The first step is to develop personas that drive your marketing. You can create these personas through a six-step process:

  1. Conduct user research: Answer essential questions about your customers and company, review Facebook Audience Insights, talk to customers directly, and pull from internal data.
  2. Condense the research: Look for themes and common characteristics.
  3. Brainstorm: Organize your research into personas and name each group.
  4. Refine: Develop several personas based on their identified characteristics.
  5. Make them realistic: Arrange and further personalize the appropriate descriptions.
  6. Input your personas in your CRM platform: Create a custom “Persona” field and then run reports.

Much like movie studios hold test screenings, you can gather feedback and tweak your campaigns from there.

5. Use Content to Make — Not Break — Your Campaigns

Disney’s John Carter was a sci-fi adventure film that cost a lot of money to make. The big-budget picture was released in March 2012 and was a major box office bust, losing around $200 million. While there were a few reasons attributed to why it failed, the film’s confusing and frequently changing marketing campaigns were frequently cited.

In addition to determining your target audience, it’s important to know what it is you’re selling and why. A blank check doesn’t guarantee success; John Carter was an expensive production, but a lot of people didn’t know what it was about. The story wasn’t clear to theatre-goers and the marketing was muddled. As a result, it didn’t live up to box office expectations.

Don’t let your marketing campaigns fall into the same trap: Know your “what” and “why.” It’s also essential to note that your team can make or break your marketing, too, so educate and empower your marketers and salespeople. Make sure they know and understand your products and services before introducing them to the market.

6. Hire the Right People for the Right Roles

In the live-action adaptation of Aladdin, Jasmine begs her father to let her take over the kingdom of Agrabah instead of her future husband. In Office Christmas Party, Jennifer Aniston plays a hardworking, no-nonsense executive who’s trying to close her hard-partying brother’s branch of the family business. And in the movie Horrible Bosses… well, you can probably figure that one out. Bad hires can be funny on the big screen. But in real life? Not so much.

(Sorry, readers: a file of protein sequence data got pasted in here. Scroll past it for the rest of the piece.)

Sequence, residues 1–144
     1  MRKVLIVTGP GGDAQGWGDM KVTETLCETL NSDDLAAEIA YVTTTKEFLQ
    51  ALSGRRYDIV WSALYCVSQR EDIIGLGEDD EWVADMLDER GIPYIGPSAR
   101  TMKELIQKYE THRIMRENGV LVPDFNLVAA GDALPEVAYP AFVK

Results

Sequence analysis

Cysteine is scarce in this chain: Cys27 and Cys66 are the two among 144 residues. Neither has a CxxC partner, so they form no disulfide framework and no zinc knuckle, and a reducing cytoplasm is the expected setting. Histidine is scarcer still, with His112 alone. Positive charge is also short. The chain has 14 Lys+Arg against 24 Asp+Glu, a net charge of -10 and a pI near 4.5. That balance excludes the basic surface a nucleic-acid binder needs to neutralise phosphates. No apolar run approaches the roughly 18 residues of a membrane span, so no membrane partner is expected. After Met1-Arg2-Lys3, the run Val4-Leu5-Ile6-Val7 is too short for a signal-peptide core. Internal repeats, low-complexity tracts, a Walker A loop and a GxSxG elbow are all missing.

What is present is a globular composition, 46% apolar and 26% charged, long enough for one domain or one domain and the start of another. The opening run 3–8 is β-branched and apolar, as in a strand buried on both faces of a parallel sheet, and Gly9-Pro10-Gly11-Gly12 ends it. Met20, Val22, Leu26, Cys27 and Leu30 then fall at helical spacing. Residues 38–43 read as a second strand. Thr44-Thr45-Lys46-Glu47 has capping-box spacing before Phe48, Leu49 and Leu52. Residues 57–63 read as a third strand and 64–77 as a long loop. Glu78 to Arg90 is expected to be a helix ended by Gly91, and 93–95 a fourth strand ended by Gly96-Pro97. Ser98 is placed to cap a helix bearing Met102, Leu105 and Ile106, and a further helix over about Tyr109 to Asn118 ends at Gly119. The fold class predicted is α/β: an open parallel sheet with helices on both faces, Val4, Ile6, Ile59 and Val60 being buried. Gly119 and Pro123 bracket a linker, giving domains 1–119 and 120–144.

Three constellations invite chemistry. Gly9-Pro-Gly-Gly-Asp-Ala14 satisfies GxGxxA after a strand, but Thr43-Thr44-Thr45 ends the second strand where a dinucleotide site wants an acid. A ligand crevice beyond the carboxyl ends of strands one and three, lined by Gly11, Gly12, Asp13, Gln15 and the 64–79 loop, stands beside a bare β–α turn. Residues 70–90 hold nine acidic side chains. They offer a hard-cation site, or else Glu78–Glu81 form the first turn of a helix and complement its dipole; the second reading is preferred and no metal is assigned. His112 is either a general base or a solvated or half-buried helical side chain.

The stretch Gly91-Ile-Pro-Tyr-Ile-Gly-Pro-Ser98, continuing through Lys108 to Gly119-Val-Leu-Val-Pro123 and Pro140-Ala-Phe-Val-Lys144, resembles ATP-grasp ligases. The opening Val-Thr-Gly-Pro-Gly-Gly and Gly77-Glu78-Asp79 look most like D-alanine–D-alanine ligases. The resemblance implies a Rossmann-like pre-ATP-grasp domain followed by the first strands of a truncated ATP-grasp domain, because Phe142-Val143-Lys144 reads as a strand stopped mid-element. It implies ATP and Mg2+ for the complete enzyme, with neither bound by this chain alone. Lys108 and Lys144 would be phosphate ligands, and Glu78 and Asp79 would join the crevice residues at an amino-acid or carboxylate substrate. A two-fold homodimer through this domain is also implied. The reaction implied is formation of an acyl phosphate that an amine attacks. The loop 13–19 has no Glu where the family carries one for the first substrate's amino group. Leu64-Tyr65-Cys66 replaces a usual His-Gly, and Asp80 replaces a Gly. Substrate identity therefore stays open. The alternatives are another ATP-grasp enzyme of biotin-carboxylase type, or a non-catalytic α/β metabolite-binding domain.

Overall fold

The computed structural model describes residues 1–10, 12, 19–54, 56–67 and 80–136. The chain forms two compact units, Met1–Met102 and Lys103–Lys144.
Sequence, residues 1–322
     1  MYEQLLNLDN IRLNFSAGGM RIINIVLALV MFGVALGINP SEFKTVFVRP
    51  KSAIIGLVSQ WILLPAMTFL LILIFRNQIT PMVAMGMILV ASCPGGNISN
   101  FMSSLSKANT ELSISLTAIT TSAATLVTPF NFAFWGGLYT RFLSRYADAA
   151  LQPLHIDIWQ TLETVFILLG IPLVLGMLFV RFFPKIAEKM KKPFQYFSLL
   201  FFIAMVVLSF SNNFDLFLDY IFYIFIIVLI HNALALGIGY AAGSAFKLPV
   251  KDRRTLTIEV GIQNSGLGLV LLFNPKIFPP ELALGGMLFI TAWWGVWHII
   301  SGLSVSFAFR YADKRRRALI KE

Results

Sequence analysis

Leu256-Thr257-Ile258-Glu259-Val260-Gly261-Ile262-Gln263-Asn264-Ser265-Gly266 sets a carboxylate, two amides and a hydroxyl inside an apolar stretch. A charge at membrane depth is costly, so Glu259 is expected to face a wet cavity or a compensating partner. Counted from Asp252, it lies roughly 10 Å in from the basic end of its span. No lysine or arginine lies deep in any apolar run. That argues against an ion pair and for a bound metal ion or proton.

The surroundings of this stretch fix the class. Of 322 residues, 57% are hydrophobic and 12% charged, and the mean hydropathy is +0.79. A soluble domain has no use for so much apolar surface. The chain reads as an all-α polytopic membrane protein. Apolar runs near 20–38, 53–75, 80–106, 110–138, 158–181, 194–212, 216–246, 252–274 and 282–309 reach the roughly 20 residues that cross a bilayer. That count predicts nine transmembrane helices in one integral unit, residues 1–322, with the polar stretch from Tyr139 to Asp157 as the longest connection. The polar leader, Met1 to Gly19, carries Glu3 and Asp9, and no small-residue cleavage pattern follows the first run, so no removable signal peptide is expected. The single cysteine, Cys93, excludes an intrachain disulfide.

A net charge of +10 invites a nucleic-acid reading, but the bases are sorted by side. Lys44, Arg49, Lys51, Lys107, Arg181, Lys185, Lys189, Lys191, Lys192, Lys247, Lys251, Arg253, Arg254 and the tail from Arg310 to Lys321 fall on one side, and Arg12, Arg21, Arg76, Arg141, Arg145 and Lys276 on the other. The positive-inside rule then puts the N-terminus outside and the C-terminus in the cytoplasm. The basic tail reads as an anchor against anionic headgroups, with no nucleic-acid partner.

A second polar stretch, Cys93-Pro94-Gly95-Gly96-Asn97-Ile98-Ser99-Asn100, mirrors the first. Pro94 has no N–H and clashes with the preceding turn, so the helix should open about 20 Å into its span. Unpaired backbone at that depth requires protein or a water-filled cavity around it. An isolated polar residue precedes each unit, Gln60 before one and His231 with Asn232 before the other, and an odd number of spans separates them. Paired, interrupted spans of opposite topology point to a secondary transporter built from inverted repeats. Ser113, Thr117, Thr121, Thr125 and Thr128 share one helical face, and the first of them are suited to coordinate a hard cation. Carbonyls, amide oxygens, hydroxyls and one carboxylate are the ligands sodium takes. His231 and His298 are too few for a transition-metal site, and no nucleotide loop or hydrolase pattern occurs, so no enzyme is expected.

According to a CareerBuilder survey, companies lost an average of $14,900 per bad hire. The average cost of losing a good hire was nearly $30,000. While it often feels like we’re in go-go-go mode in marketing, it’s important to be mindful when recruiting and hiring. If there’s a bad fit, do some digging: Is it a culture or skills mismatch? Is the issue with a team member or supervisor?

Whatever the case, see if it’s possible to pivot roles, alter a job description, or come to another solution for both parties. When you leave the work revenge-fantasies for the movies, employee satisfaction will improve, too.

7. Integrate Your Marketing

Movie studios don’t rely on just one promotion method or channel, and neither should you. When you have a new offering, map out your timeline, identify the major players and channels you want to involve, and land on a budget. Similar to a teaser trailer, create buzz beforehand; if you have a devoted following or an insider group, send them the exclusive details ahead of the general public.

Throughout all this, you should determine which channels will yield the best results, but don’t be afraid to experiment. Repurpose your content, try a social media giveaway, or build an email drip campaign to drum up interest. Use an integrated marketing approach to see the best results for your next launch.

Marketing and movies are both meant to be stimulating and interesting. In order to succeed, you have to mind your budget, keep your audience intrigued, and do creative work worthy of attention. Take these lessons from the movie industry to help you create campaigns that are certifiable hits.